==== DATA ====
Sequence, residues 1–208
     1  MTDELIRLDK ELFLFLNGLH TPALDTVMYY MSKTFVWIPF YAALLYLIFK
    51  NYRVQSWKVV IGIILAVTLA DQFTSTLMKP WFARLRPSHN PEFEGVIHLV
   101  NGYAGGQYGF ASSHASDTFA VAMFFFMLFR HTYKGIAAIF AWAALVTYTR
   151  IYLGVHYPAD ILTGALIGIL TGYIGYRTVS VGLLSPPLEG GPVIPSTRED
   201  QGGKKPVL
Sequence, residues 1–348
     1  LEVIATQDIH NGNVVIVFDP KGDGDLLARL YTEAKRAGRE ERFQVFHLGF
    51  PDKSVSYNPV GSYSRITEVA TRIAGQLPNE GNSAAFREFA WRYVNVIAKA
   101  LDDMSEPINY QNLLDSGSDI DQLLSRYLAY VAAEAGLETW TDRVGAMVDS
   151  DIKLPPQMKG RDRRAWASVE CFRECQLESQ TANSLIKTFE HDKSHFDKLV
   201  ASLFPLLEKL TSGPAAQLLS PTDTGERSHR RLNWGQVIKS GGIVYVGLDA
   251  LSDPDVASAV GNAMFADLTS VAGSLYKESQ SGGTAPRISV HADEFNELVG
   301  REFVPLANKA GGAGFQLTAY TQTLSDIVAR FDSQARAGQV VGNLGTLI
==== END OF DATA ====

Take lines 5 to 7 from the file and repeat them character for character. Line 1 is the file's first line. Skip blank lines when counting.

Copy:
   151  IYLGVHYPAD ILTGALIGIL TGYIGYRTVS VGLLSPPLEG GPVIPSTRED
   201  QGGKKPVL
Sequence, residues 1–348